Amateur Astronomer Spots Meteor Impact on Moon During Eclipse


By: Gaia Staff  |  Jan. 23, 2019

This past Sunday offered a free five hour-long nature show witnessed by half the planet; a nice alternative to the glowing screens many of us find ourselves staring at before we start the new week. Out of all those eyeballs and telescopes fixated on the Super Wolf Blood Moon, one incredibly perceptive viewer noticed a small flash on the lunar surface as it was exiting Earth’s penumbra, quickly realizing he had witnessed a meteorite impact in the middle of an eclipse!

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Reddit user u/ahecht spotted the impact at 4:41 a.m. UTC (coordinated universal time) from his location in the Northeast United States, before confirming it on webcasts from observatories in Morrocco and California.

Footage of the meteor’s impact can be seen in a very brief flash of light around 2:11:01 in this video posted on YouTube. 

While the moon is struck by meteorites of this size on a weekly basis, this may be the first time one has been officially spotted in the midst of an eclipse, according to National Geographic. The impact was unsurprisingly received with skepticism at first but was quickly corroborated by a number of recordings and viewers across the western hemisphere.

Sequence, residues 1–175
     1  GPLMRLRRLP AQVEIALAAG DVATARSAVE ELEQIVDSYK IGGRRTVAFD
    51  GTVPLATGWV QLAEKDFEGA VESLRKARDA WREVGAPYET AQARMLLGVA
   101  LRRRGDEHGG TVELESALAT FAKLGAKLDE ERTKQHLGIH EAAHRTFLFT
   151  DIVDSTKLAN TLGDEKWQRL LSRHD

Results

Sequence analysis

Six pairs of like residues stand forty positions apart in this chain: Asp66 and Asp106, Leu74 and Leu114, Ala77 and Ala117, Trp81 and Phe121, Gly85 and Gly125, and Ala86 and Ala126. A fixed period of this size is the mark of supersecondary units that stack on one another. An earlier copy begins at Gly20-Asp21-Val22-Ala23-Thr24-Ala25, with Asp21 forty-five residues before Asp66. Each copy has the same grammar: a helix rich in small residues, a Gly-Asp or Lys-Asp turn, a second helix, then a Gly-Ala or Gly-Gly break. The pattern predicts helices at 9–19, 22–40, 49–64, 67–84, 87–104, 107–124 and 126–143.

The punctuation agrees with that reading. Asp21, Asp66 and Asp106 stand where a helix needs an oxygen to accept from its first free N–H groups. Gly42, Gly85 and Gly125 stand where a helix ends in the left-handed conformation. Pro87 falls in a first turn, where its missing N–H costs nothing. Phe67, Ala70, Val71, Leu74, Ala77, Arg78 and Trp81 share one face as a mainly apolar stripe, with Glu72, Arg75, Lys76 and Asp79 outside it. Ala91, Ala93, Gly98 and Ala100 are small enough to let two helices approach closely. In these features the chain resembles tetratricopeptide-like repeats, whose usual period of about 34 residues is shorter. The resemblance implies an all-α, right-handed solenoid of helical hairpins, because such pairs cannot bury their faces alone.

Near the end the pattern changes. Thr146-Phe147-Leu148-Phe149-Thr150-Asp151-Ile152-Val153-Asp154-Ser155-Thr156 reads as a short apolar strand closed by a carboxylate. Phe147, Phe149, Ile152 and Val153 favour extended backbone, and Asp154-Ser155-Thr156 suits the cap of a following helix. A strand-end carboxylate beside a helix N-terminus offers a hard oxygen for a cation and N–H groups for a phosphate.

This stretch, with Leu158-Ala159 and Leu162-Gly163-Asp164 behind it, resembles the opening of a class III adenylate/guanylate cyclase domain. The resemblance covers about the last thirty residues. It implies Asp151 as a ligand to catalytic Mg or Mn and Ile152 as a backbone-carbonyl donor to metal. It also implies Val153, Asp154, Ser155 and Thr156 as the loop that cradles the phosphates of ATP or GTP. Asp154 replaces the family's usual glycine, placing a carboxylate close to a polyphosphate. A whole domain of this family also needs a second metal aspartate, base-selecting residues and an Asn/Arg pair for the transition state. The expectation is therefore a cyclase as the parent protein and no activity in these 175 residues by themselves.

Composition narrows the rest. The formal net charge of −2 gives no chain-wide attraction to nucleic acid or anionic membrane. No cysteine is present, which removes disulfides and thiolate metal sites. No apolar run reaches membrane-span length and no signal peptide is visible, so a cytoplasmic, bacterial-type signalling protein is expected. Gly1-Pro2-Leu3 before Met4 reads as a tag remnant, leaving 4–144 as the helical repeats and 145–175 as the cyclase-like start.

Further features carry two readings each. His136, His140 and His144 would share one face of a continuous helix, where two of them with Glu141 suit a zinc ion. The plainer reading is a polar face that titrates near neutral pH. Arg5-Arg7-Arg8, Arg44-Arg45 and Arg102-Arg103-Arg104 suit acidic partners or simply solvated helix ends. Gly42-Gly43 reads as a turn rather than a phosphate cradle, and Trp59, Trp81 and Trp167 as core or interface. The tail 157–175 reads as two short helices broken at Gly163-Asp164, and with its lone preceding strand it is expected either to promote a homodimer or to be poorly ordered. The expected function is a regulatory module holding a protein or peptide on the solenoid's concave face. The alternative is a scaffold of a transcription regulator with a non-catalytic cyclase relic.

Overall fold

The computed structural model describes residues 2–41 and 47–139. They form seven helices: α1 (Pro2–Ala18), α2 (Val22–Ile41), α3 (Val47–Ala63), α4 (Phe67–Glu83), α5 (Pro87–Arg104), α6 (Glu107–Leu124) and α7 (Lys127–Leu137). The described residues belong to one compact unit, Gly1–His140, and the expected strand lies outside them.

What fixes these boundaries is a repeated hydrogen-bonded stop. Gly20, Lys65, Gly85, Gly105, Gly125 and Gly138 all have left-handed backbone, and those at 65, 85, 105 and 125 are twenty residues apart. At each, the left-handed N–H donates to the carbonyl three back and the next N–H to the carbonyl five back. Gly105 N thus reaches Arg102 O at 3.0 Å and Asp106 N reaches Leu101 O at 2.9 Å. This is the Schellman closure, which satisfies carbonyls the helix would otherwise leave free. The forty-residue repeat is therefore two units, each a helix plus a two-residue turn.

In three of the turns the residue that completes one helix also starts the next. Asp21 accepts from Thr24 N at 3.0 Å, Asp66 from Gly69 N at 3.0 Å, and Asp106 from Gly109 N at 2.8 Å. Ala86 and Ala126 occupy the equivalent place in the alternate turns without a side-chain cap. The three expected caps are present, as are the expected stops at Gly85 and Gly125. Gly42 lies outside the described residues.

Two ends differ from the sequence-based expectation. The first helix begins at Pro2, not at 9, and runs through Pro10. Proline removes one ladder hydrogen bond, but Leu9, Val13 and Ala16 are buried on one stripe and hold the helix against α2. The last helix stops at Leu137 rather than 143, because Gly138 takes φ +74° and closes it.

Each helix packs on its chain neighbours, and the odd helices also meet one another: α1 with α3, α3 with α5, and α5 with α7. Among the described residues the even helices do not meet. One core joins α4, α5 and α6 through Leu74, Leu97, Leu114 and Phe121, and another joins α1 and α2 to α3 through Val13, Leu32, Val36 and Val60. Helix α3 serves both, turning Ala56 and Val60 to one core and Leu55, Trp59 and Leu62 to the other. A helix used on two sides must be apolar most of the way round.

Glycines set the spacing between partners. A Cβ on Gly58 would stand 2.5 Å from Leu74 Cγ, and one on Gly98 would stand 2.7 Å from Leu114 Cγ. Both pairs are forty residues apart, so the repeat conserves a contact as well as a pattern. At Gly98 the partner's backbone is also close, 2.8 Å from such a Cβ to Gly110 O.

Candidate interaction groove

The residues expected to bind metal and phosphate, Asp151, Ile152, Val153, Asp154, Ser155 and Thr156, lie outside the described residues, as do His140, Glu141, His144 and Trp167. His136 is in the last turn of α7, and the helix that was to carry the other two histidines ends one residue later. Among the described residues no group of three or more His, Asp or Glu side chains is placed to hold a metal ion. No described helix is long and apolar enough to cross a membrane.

The strike was later confirmed by astrophysicist Jose Maria Madiedo from Spain’s University of Huelva.

As excitement quickly spread across the internet among amateur and professional astronomers alike, scientists began scouring the moon to find the new crater created by the meteor’s impact.

Despite the relatively bright flash captured by observatory telescopes, Madiedo told NatGeo the meteorite may have been as small as a football. But with the lack of any significant atmosphere, he estimates a rock that size could leave a crater up to six miles in diameter. Still, pinpointing a depression that small on a moon pockmarked with thousands of craters can be tricky.

Witnessing an event like this can be difficult as sunlight reflected off the moon is typically too bright, obscuring the flash that might be created from such an impact. But in this case the dimming caused by the eclipse allowed for that brief flash to be visible to viewers on Earth.

These events are the latest phenomena that add to quite a bit of recent interest in the moon, particularly in the wake of China’s Chang’e 4 probe landing on its dark side.

With all of this newfound excitement and attention, what else might we soon learn about that strange rock orbiting our planet?

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